No matter what you celebrate during the winter months, things just aren’t going to be the same this year. There’s no way to ignore or overlook the coronavirus pandemic (though some may try), and even if you personally don’t want to alter your approach to the holidays, the world itself is a very different place right now.
There’s no right answer for how anyone should approach Thanksgiving, Christmas, Hanukkah, Kwanzaa, New Year’s, and every other cause for celebration. There are, however, things we know about the risks of large, indoor gatherings and ways to mitigate those risks.
So with that in mind, let’s look at some of the ways you can stay safe and healthy during this upcoming holiday season.
Keep it small
The holidays are the holidays because it’s the one time of year where we’re most likely to see our extended family and connect with old friends. There are probably quite a few of your favorite relatives that you only see at Thanksgiving, for example.
With the pandemic only powering up, however, the safest possible course of action would be to abstain from gathering with anyone outside of your immediate family (that is, the people you live with every day).
That option kinda stinks, to be honest, but it’s the option that comes with the least amount of risk. The less you expose yourself to people outside of your immediate circle, the less likely it is that you’ll catch and spread COVID-19. Luckily, you can replace some of your normal holiday interaction with video conferencing.
The maximum incubation period for COVID-19 is 14 days. That means it can take up to 14 days before someone who’s infected may show any symptoms, during which time the infected carrier can spread the virus to others.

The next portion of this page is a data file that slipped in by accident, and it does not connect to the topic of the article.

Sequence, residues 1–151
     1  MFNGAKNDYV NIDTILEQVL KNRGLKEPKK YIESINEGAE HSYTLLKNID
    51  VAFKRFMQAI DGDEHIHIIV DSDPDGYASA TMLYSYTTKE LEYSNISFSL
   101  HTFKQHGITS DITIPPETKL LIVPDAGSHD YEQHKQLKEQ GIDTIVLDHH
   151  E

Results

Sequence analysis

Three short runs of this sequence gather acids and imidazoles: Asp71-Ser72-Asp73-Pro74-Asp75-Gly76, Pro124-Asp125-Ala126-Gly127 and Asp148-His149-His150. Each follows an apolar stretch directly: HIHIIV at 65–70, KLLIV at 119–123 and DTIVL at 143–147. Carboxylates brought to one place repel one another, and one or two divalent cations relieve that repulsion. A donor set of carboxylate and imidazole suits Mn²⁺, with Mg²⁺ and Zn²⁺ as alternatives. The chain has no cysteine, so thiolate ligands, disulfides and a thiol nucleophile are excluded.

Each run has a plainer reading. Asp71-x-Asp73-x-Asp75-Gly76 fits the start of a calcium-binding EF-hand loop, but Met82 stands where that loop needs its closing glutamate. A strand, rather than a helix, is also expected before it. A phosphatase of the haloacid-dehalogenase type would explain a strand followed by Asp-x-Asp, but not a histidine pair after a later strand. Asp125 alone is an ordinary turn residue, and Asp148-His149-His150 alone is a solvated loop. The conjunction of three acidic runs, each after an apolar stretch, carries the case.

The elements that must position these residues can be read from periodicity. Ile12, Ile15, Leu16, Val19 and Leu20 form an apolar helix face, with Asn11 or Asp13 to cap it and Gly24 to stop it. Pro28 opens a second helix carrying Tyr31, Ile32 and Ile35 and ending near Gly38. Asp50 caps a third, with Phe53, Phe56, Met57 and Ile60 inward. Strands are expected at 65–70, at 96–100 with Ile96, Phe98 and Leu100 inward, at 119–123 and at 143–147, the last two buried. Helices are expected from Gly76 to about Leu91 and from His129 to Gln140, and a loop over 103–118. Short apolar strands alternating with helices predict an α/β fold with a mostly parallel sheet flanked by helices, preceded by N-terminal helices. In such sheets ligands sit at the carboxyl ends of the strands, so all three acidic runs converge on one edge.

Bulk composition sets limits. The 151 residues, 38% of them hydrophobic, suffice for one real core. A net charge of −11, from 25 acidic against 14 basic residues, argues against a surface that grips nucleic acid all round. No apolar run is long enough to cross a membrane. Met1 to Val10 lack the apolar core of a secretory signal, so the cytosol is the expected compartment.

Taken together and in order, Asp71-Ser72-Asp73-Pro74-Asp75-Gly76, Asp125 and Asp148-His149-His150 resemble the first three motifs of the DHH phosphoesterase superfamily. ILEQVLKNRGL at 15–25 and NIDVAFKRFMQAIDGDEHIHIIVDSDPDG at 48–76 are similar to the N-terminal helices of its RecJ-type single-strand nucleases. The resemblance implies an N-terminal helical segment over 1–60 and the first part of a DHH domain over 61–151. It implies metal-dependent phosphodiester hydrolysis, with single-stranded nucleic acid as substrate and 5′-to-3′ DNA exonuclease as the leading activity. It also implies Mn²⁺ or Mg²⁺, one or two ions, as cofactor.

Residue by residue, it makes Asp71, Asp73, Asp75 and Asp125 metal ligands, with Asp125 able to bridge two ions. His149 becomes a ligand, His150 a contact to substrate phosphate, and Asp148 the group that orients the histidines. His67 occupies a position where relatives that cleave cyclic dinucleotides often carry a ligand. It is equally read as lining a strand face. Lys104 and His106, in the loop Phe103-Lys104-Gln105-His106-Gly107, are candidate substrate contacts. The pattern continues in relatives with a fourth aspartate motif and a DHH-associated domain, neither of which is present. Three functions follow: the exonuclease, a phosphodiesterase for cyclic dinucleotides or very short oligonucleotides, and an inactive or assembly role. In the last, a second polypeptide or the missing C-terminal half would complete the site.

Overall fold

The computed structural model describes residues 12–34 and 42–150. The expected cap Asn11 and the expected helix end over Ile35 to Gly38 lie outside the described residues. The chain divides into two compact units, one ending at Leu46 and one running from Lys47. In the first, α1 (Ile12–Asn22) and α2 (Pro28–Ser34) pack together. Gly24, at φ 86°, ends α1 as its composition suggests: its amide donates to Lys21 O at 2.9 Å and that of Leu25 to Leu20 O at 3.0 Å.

If you’re planning on gathering with friends and family it’s important that everyone commit to an adequate quarantine before coming together, especially if you plan on doing indoor activities with no masks. It only takes one COVID positive individual to start the spread.
Fortunately, an effective quarantine doesn’t mean hiding in a bunker for two weeks. Quarantining means avoiding risky activities, like visiting bars, restaurants, and gyms without a mask, staying home as much as possible, maintaining social distancing when doing activities outdoors, and wearing a mask when you do need to interact with individuals outside of your immediate circle. Attendees should get a COVID test at the end of quarantine. If the results are negative, you’ve done your part!
If you do want to gather with individuals outside of your immediate circle and you can’t quarantine, one way to effectively reduce the potential spread of the virus is by gathering outside and maintaining social distancing.
Of course, the obvious issue here is that we’re talking about winter holidays and, in most places in the United States, it gets a bit cold and/or covered in snow during the holiday season. But assuming you’re in a climate that allows for outdoor activities year-round, it’s really the only way skip the first two steps and stay safe.
“With multiple high-risk family members, we’re decking out our back patio with a tree and decorations and having multiple Christmas celebrations with each smaller unit of parents and brothers and sisters,” says David Hall, a member of the IT team at Money Management International and Texas resident. “Outdoors, masked, social distanced, and smaller groups…and we get more intimate time with each unit, as opposed to a packed house and pandemonium all at once.”
Ultimately, how you choose to celebrate is your call, but for the sake of your family and your community, do your best to stay safe.